Iran votes in verdict on President Hassan Rouhani’s economy, diplomacy

Polls have opened Friday in Iran, voters voted to give their verdict on President Hassan Rouhani’s policy of opening up to the world and efforts to rebuild the stagnant economy. He faces a strong clergyman Ebrahim Raisi, 56, who has positioned himself as a defender of the poor and called for a much tougher line with the West.
Supreme Leader Ayatollah Ali Khamenei voted a few minutes after the polls opened at 8:00 am (03:30 GMT). “The fate of the country is in the hands of the Iranians,” he told reporters that he voted in his compound in Tehran.
The long queues had already been formed in the polling stations of the country. Rouhani, a moderate clergyman, 68, tried to frame the election as a choice between greater civil liberties and “extremism.”
He pushed the boundaries during the fortnight, criticising the continued detention of reformist leaders and activists and calling on security agencies not to interfere in the vote.
Raisi says he will build on the nuclear agreement with world powers 2015, which saw the brakes on Iran’s atomic program in exchange for a relief of sanctions but stressed the continued economic recession as evidence that diplomatic efforts have Failed Rouhani.
“Instead of using the capable hands of our young people to solve problems, they put our economy in the hands of strangers,” Raisi told a final meeting in the holy city of Mashhad on Wednesday.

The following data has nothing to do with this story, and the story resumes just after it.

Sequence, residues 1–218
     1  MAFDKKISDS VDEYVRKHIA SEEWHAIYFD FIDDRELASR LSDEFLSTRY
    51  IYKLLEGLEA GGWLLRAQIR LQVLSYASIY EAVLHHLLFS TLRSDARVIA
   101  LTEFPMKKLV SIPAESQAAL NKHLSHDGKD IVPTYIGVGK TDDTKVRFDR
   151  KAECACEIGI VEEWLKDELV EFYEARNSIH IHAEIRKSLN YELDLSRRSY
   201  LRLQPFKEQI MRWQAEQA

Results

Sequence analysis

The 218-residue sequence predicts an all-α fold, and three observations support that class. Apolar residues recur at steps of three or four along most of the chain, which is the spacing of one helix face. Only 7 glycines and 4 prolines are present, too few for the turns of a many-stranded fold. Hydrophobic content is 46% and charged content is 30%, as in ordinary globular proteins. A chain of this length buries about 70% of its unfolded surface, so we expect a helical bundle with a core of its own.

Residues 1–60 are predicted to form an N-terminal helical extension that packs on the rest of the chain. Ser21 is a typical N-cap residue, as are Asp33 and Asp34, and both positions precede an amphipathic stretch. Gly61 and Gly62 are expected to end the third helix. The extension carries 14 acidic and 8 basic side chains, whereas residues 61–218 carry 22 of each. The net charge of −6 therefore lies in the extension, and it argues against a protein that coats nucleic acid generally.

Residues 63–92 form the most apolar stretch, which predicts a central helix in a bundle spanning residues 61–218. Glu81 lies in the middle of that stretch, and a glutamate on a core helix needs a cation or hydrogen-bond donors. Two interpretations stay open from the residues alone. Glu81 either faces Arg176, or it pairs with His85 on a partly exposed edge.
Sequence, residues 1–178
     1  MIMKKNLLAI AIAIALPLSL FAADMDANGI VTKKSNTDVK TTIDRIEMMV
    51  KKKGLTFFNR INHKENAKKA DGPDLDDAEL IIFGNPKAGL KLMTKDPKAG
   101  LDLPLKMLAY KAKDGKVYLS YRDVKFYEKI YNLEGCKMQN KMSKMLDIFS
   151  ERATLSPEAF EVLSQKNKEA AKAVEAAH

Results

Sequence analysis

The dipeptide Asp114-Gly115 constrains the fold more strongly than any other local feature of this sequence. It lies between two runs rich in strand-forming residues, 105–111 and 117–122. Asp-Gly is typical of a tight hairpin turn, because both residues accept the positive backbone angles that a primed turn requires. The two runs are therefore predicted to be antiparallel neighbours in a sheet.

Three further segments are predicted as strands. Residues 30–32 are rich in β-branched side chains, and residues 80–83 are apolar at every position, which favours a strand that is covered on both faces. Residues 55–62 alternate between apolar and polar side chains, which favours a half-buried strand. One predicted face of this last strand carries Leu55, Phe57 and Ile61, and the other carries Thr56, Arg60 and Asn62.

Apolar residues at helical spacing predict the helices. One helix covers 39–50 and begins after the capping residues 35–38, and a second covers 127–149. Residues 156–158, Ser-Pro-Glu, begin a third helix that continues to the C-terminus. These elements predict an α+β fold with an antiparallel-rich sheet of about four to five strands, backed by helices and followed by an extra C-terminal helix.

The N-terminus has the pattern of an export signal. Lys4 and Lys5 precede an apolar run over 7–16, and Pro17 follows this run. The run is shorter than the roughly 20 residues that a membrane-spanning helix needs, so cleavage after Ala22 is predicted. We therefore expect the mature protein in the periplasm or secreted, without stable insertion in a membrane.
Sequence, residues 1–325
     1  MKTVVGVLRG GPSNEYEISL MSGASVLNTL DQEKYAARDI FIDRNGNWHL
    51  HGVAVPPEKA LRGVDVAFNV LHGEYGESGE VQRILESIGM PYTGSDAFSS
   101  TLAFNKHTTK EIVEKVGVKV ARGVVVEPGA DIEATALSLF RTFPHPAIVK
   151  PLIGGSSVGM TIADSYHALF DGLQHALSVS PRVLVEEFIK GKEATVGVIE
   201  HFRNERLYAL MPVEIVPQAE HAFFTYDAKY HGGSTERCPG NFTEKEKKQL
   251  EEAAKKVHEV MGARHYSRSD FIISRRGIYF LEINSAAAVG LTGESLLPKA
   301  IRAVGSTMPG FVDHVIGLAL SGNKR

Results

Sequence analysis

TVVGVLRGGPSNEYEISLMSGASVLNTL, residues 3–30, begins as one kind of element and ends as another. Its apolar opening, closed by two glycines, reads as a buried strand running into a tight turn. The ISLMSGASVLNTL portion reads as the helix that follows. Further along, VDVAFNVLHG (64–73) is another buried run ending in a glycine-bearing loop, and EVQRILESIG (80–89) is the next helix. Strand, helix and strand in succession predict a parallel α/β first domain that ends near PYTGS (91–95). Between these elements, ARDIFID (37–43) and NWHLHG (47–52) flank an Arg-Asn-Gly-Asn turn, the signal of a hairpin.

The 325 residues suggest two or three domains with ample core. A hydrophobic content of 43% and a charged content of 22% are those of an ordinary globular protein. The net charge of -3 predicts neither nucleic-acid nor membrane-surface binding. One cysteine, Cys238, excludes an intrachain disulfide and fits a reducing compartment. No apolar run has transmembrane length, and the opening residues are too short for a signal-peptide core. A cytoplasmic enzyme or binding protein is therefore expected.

Rouhani responded by calling on voters to keep straying Iran’s delicate diplomatic levers away.
“A wrong decision by the president could mean war and a right decision can mean peace,” he said in his own Mashhad compilation.
The election comes at a time of tension in US relations. And Iran.
Rouhani got a break on Wednesday when the administration of US President Donald Trump has agreed to continue to waive nuclear sanctions, keeping the agreement on track.
But Trump has launched a 90-day review of the agreement he could see abandoned and Iran’s regional rival visiting Saudi Arabia this weekend.
“For me, M. dialogue with the world and moderation in Rouhani society are very important,” said Zahra, a 32-year doctoral student in food science.
Under former hardline president Mahmoud Ahmadinejad, “sanctions really hurt us. It was difficult to get lab equipment and very difficult to get visas to study abroad.” Now, my colleagues can travel in France and the United States, “he said.

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